Hundreds Expected To Lobby For Increased HIV/Viral Hepatitis Funding

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aidsaction_revBOSTON, MassachusettsIn the wake of declining state and federal funding to combat HIV/AIDS and viral hepatitis, people living with HIV and AIDS, those living with viral hepatitis, and family members will join advocates and political leaders at the State House on Thursday, January 24 to lobby elected officials for increased funding for HIV and viral hepatitis services, outreach, and prevention.

The lobbying effort will begin at 10 a.m. at the Grand Staircase of the State House.

“We can’t keep doing more with less. The numbers of people living with HIV and AIDS continue to increase each year in the Commonwealth, as do those living with viral hepatitis. Meanwhile, the number of those living with both chronic diseases, and thus in need of even more sophisticated health care and support services, is significant. The HIV/AIDS line item not only funds education, outreach, prevention, and other services for people living with HIV/AIDS, but also for those living with viral hepatitis. Level funding this line item will not get the job done. We need the governor and lawmakers to increase the HIV/AIDS and viral hepatitis line item by $4 million,” said Rebecca Haag, President & CEO of AIDS Action Committee of Massachusetts. “The state’s past investment in these services has paid off. Since 1999, we have reduced new diagnoses of HIV by 53 percent, which has spared nearly 6,000 from becoming infected with HIV and will save the state more than $2 billion in health care costs. We need a similar sustained and focused effort at combatting viral hepatitis, which has been called a ‘silent epidemic’ given the tens of thousands of people who are living with hepatitis but do not know it.”

Facts About HIV/AIDS

  • Between FY 2000 and FY 2013, the budget for HIV/AIDS has decreased 38% from $51.7 million to $32.1 million.
  • Between 2000 and 2010 (the last year for which statistics are available), the number of people living HIV/AIDS in Massachusetts increased 40%, placing substantial demands on existing prevention and treatment programs.
  • In 2010, just over half (51%)of all HIV infection diagnoses in the state occurred among men who reported male-to-male sex as the way they were exposed to HIV; that is up from 44% of men newly diagnosed with HIV reporting male-to-male sex as their exposure mode in 2001.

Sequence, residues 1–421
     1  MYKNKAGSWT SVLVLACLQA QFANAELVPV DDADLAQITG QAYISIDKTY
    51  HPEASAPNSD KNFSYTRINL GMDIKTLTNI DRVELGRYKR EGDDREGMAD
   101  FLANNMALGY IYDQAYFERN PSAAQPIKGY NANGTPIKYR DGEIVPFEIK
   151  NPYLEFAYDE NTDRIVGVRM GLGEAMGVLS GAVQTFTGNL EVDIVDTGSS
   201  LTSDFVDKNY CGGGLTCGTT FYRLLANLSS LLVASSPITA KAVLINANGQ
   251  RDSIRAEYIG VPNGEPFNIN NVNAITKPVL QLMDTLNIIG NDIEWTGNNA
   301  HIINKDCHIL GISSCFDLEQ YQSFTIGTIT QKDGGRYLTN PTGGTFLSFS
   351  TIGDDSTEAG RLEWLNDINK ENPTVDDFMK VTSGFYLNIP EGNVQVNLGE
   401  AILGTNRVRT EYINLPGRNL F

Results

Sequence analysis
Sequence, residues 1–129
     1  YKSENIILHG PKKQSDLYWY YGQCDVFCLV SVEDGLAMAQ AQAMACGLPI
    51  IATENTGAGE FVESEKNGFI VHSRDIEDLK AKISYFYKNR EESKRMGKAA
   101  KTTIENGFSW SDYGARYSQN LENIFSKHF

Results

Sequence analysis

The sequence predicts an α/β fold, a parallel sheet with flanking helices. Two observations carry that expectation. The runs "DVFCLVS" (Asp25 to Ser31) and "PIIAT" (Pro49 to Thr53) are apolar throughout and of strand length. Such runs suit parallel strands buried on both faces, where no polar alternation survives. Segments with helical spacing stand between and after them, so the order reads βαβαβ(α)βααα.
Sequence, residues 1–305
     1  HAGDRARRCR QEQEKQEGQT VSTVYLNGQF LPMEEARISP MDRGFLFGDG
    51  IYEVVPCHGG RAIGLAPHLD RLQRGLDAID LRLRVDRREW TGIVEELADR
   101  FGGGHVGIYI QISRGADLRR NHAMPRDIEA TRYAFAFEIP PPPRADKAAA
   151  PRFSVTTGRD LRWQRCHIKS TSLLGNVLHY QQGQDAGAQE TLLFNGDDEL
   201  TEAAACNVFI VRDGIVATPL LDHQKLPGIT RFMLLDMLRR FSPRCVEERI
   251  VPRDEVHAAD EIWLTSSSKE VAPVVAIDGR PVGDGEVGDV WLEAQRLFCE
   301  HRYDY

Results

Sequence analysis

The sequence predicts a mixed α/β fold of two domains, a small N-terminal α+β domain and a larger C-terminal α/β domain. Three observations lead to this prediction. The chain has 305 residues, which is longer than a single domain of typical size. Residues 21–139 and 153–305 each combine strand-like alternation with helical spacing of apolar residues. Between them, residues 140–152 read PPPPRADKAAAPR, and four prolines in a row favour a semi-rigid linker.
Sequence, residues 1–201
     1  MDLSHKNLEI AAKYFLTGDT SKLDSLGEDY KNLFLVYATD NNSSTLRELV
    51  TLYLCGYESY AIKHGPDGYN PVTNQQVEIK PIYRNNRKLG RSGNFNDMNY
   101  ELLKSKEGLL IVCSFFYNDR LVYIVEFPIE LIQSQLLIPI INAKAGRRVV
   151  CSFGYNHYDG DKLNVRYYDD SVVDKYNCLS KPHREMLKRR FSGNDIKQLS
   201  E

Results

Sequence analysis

• 11% of HIV infection diagnoses in MA from 2008 to 2010 were of adolescents and young adults age 13-24.
  • Blacks make up only 6% of the state’s population, but they comprise 29% of those living with HIV/AIDS in MA.
  • Hispanics make up only 8% of the state’s population, but they comprise 25% of those living with HIV/AIDS in MA.
  • As of 2011, male-to-male sex and injection drug use were the leading reported exposure modes for HIV infection for those living with HIV/AIDS in MA accounting for 36% and 21% of all exposures, respectively.

Facts About Viral Hepatitis

  • The HIV/AIDS line item also funds viral hepatitis services.
  • Viral hepatitis causes inflammation of the liver which can lead to cirrhosis and increased risk of liver cancer.
  • There are an estimated 100,000 people living with viral hepatitis in Massachusetts today with between 7,000 to 10,000 new diagnoses annually.
  • Viral hepatitis is spread in the same manner as HIV, but is much more highly infectious and easily transmitted from one person to another.
  • Between 2002 and 2009, the rate of infection among teens and young adults age 15-24 increased 74%, largely driven by the shared use of injection drug equipment.

About AIDS Action Committee of Massachusetts

AIDS Action Committee of Massachusetts is the state’s leading provider of prevention and wellness services for people vulnerable to HIV infection. It provides services to one in six people in Massachusetts living with an HIV diagnosis. These services include HIV counseling and testing; needle exchange; mental health counseling; housing assistance; and legal services. AIDS Action works to prevent new HIV infections, support those affected by HIV, and tackle the root causes of HIV/AIDS by educating the public and health professionals about HIV prevention and care; and advocating for fair and effective HIV/AIDS policy at the city, state, and federal levels. Founded in 1983, AIDS Action Committee of Massachusetts is New England’s first and largest AIDS service organization. Learn more at www.aac.org.

[From a News Release]